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21 April, 2024
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Spain urges Morocco to stem transit asylum claims amidst rising numbers

Senegalese transit visa requirement sparks diplomatic dialogue between Spain and Morocco


The Spanish government has formally requested Morocco's cooperation in preventing Senegalese passport holders, lacking a Schengen visa in the past two years, from boarding flights with layovers in Spain until February 19.

As reported by Schengen Visa Info, this move comes ahead of the enforcement of a transit visa requirement for Senegalese nationals passing through Spain en route to other destinations.

According to, the Spanish Ministry of Foreign Affairs dispatched a diplomatic note via the Spanish Embassy in Rabat to the Moroccan Ministry of Foreign Affairs, African Cooperation, and Moroccans Residing Abroad, outlining the request for collaborative measures.

The Embassy of Spain in Morocco emphasized the temporary nature of the measures, urging Moroccan authorities to enforce restrictions on commercial flights bound for non-Schengen countries that involve layovers in Spain. Specifically, Senegalese passport holders lacking recent Schengen visas are targeted by this directive.

Moreover, Spain has urged Morocco to uphold these measures until February 19, coinciding with the introduction of transit visa requirements for Senegalese travelers passing through Spain.

The decision to implement transit visas stems from a notable rise in Senegalese passport holders seeking asylum upon arriving at Madrid's Barajas airport, often after transiting through Spain with layovers. The surge in asylum claims has strained facilities at the airport, leading to overcrowded conditions and logistical challenges.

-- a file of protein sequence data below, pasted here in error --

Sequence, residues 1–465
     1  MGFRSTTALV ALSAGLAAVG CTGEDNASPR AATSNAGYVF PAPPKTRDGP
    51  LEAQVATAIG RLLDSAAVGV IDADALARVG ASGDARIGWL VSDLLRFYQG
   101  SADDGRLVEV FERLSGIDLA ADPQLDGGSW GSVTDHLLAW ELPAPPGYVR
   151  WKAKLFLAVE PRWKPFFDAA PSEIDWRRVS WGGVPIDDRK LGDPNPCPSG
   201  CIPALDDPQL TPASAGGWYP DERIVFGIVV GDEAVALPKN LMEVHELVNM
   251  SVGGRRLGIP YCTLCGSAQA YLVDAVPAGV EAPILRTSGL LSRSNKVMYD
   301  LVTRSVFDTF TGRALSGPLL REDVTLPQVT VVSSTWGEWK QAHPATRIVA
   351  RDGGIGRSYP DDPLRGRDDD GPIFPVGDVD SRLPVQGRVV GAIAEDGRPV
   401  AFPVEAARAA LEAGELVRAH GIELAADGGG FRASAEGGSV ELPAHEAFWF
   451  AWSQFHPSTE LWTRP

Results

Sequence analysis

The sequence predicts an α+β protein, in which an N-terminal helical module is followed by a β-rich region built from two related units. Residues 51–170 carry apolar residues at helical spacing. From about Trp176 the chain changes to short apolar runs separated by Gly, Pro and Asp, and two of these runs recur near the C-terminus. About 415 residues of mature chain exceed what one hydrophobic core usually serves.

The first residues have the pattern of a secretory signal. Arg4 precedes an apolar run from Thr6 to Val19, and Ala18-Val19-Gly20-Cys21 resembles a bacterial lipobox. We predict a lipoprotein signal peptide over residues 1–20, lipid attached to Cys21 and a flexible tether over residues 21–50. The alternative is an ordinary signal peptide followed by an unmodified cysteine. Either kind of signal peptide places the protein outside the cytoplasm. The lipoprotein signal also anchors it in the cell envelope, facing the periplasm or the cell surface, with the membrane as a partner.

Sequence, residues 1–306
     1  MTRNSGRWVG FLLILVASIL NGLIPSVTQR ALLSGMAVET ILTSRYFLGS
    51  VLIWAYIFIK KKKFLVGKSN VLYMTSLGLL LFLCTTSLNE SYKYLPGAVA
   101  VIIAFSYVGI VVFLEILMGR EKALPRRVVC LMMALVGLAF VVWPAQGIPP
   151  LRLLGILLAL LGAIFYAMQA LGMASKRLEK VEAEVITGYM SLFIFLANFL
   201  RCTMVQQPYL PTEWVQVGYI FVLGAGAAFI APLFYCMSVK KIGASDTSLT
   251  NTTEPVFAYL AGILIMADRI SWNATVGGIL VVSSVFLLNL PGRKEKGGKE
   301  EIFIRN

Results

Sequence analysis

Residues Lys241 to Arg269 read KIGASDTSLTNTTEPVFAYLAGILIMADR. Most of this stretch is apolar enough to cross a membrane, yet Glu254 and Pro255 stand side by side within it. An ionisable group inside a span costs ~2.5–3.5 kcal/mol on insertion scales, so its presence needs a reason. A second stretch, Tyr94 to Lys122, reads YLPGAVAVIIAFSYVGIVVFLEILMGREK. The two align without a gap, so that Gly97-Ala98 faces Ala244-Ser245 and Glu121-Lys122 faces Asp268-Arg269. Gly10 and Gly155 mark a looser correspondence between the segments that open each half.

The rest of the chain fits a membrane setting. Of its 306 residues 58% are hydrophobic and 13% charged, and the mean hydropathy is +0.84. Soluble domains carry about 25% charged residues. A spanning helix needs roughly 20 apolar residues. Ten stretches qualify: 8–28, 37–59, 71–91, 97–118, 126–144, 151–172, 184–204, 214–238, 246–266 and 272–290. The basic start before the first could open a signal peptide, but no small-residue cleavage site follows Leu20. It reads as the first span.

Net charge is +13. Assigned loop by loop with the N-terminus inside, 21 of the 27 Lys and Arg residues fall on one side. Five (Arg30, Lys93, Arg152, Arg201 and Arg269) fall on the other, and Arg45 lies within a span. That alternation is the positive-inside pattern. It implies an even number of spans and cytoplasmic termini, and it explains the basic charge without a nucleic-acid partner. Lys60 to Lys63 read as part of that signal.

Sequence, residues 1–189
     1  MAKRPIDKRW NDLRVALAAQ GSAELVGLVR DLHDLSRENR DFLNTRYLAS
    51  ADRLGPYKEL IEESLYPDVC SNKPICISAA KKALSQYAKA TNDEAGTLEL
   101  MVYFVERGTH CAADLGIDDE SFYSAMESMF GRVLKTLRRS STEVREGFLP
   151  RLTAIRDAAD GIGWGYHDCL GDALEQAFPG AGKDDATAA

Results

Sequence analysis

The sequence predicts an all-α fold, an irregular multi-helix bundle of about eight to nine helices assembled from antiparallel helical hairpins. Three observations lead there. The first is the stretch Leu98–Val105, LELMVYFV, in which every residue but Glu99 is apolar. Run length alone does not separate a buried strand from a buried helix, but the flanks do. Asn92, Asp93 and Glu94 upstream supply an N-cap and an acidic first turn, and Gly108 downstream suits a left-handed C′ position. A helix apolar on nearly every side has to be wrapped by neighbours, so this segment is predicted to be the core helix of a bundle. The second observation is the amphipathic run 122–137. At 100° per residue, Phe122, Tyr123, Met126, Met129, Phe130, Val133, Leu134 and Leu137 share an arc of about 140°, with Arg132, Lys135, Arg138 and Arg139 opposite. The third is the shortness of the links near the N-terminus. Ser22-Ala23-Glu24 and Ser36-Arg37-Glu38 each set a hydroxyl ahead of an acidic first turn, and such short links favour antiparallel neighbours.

Elena Muñoz, a spokesperson for the Spanish Commission for Refugees (CEAR), described the situation at Barajas airport as "unsustainable." Reports indicate that asylum seekers, including Senegalese nationals, have faced dire conditions, with some compelled to sleep on makeshift bedding in terminal transit areas.

To address the escalating situation, Spanish authorities have urged Moroccan officials to notify Royal Air Maroc, the national carrier, about travelers likely to make asylum claims upon arrival in Spain. These measures aim to mitigate the strain on resources and facilities at Madrid's airport, where the influx of asylum seekers has steadily increased.

The request for collaboration between Spain and Morocco underscores the challenges posed by rising asylum claims in Spain. Data from the Office of Asylum and Refuge (OAR) of the Ministry of the Interior reveal a significant uptick in applications for international protection, reaching 163,218 in the previous year. This figure represents a 37% increase from 2022, marking the highest recorded number since the establishment of the office in 1992.

[With information sourced from Schengen Visa Info]

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